This is always my grumpy time of year.  Now right away some of my close acquaintances are saying they’ve never noticed any change in my demeanor since I am grumpy all year round.  But that is not the case.  I know I am grumpier in the last few months of the year because that’s when the big bills start rolling in.  And they just don’t come gently rotating so gracefully across the front lawn and up through the mail slot.  Nope, they come thundering in like the proverbial herd of wild horses.

It begins every September.  First comes the preliminary notice of the annual property tax bill. It’s not due until November, but the local authorities are kind enough to let you know well in advance so you have time to appreciate the increase.  Then comes the next highest bill; this one’s the insurance bill on the house.  It’s accompanied, usually in the same week, by a side bill from another company who wants money to provide me with flood insurance for the house—something the home insurance policy doesn’t cover.   Along with these lovely invoices come bills for automobile insurance, the quarterly homeowner’s association fee from the community we live in, a hefty semi-annual life insurance bill (the bill is hefty not the amount of insurance) and I think that’s it.  Somehow my timing has been really off on contracting all these expenses since they all come within the same 60 day period this time of year.  Oh yeah, and just as I send off the last payment, Christmas arrives in a very untimely fashion.

Each year I pride myself on having been smart enough to have spent the first three-quarters of the year attempting to save up a pool of money to handle this annual fall mother load.  Over the years I have been pretty successful doing this.  But this year is different.  Both my wife and I are now officially retired…officially not working…officially not bringing in a paycheck anymore!  This is the bad part of retirement.  The part they warn you about.  The part you don’t see in those TV commercials and magazine ads with the happy, smiling gray-haired folks walking hand-in-hand telling you how great viagra and a reverse mortgage are.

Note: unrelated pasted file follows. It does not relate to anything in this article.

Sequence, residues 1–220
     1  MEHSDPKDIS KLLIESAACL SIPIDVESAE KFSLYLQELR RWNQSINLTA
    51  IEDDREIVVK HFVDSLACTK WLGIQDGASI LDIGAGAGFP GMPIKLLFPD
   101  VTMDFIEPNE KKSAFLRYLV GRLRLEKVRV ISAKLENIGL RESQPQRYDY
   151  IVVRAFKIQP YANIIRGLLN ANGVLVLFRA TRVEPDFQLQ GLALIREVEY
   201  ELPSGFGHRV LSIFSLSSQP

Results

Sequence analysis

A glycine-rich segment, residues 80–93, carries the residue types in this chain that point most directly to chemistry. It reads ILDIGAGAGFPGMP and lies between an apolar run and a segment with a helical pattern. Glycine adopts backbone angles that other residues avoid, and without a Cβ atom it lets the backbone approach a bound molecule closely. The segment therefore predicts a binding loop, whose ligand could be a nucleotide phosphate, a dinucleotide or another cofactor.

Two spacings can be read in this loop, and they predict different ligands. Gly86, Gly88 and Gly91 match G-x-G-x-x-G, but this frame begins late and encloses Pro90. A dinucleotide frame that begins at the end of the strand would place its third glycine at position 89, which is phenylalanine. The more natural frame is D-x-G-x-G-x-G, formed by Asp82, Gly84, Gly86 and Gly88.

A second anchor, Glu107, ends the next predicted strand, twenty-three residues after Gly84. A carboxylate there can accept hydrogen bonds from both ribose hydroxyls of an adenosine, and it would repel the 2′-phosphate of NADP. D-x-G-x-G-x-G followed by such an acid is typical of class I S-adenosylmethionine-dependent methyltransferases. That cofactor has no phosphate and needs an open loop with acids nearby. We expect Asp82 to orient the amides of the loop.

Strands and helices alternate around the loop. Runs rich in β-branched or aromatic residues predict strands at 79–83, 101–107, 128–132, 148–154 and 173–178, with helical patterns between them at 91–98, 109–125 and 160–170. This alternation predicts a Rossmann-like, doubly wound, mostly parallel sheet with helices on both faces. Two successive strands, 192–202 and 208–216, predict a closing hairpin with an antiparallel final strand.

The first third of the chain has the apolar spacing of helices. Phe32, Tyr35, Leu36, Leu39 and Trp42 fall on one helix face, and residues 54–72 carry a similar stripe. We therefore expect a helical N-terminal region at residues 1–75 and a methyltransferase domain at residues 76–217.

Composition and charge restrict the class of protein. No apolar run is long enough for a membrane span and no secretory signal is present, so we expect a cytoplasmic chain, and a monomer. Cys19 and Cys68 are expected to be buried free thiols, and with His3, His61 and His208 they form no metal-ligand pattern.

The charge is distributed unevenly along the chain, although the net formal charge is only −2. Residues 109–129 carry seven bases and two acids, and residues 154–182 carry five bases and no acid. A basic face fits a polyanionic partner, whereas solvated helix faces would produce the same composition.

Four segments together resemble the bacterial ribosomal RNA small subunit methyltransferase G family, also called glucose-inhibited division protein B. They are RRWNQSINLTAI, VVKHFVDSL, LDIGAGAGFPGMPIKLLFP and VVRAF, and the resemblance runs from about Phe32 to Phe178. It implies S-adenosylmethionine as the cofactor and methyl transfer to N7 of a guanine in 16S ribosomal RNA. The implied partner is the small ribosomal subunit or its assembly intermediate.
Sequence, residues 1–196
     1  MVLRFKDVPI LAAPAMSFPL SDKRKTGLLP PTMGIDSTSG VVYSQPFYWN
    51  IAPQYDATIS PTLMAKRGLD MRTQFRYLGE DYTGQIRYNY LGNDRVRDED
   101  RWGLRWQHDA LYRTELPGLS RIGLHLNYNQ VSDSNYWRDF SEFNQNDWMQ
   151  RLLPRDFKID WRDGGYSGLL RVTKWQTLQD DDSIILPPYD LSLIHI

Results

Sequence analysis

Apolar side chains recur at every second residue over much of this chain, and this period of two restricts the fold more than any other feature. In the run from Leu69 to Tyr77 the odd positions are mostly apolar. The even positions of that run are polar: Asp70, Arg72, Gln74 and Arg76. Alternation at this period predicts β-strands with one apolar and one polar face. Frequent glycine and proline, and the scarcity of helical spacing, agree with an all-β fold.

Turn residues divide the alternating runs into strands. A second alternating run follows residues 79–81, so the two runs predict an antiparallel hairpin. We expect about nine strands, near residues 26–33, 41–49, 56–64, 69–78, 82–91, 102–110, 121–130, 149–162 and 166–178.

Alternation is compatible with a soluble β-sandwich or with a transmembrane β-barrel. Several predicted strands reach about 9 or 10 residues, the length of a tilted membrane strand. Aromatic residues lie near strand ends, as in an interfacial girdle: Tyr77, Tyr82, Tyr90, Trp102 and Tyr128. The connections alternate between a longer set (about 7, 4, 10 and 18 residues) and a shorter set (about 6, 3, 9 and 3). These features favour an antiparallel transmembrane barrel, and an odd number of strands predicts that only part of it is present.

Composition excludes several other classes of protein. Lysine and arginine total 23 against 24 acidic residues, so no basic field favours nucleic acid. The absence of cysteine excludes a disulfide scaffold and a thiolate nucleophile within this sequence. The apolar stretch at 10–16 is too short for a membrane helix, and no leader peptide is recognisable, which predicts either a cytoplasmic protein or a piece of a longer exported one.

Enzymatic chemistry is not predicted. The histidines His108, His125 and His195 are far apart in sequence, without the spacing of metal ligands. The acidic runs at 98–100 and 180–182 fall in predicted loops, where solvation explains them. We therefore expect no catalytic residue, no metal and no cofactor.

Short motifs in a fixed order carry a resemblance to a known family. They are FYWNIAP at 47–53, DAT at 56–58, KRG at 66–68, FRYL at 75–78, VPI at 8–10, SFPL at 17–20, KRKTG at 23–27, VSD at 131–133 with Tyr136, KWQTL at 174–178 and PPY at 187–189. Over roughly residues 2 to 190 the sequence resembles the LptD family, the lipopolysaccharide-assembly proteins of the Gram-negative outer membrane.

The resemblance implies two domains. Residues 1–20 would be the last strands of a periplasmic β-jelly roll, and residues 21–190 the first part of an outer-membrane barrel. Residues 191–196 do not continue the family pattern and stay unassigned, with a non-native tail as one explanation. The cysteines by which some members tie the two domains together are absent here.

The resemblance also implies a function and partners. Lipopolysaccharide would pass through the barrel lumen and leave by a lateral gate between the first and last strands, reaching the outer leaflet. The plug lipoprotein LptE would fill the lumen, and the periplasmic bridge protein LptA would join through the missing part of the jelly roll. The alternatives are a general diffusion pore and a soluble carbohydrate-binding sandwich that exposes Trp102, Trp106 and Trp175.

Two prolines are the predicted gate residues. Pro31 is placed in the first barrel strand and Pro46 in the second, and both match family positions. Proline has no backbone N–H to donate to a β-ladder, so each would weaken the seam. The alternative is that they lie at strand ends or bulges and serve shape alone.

The only thing that un-grumpifies the situation is that I annually brainwash myself into thinking how lucky my wife and I actually are. After all, there are many people who can’t even afford insurance at all. Nor can they afford to live in a nice community with a nice scenic canal that runs just 30 feet off the back patio…a canal that has never even come close to flooding in 18 years. Others, meanwhile, may not be able to afford owning a car, gassing it up and keeping it insured.  Nope, things could be worse for us.  Even Christmas brings Santa Claus and who doesn’t like Santa Claus?  At least  until the bills come in January.  But by then it’s time to start saving all over again for the big blowout that’ll come next fall.  Uh-oh…I can’t begin saving.  ‘Dem days are over.  I don’t bring in any money to save.  All these big bills we have to pay each fall get paid out of our savings now …and now there are no new funds to replenish the ones we use.  Holy crap…I’m going to be even grumpier than last year.



About Marc Kuhn

I am a retired radio exec. I've worked at major stations in Philadelphia, Washington, D.C. and Miami. That was then. This is now: I've published seven books and this blog thingy. Need to know more? Really? Okay, I bare/bear all at The other links are for the websites of each of the books I've written. I've been busy! Hope you'll stop by and check them out. Thanks for your interest!
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